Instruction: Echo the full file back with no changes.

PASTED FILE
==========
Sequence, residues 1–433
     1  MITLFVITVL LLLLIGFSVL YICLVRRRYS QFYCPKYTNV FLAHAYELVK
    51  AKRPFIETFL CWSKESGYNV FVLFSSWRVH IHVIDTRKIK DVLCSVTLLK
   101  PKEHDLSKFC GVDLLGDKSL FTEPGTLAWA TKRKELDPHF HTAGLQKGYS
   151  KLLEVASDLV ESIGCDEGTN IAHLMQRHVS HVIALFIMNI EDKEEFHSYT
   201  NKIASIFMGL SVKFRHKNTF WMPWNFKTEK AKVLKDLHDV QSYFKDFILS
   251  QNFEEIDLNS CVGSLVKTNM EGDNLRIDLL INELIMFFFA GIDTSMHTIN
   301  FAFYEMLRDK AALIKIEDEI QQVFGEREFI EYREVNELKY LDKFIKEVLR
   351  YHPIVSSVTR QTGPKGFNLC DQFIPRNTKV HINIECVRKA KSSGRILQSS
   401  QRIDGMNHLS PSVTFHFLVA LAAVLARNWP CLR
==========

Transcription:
Sequence, residues 1–433
     1  MITLFVITVL LLLLIGFSVL YICLVRRRYS QFYCPKYTNV FLAHAYELVK
    51  AKRPFIETFL CWSKESGYNV FVLFSSWRVH IHVIDTRKIK DVLCSVTLLK
   101  PKEHDLSKFC GVDLLGDKSL FTEPGTLAWA TKRKELDPHF HTAGLQKGYS
   151  KLLEVASDLV ESIGCDEGTN IAHLMQRHVS HVIALFIMNI EDKEEFHSYT
   201  NKIASIFMGL SVKFRHKNTF WMPWNFKTEK AKVLKDLHDV QSYFKDFILS
   251  QNFEEIDLNS CVGSLVKTNM EGDNLRIDLL INELIMFFFA GIDTSMHTIN
   301  FAFYEMLRDK AALIKIEDEI QQVFGEREFI EYREVNELKY LDKFIKEVLR
   351  YHPIVSSVTR QTGPKGFNLC DQFIPRNTKV HINIECVRKA KSSGRILQSS
   401  QRIDGMNHLS PSVTFHFLVA LAAVLARNWP CLR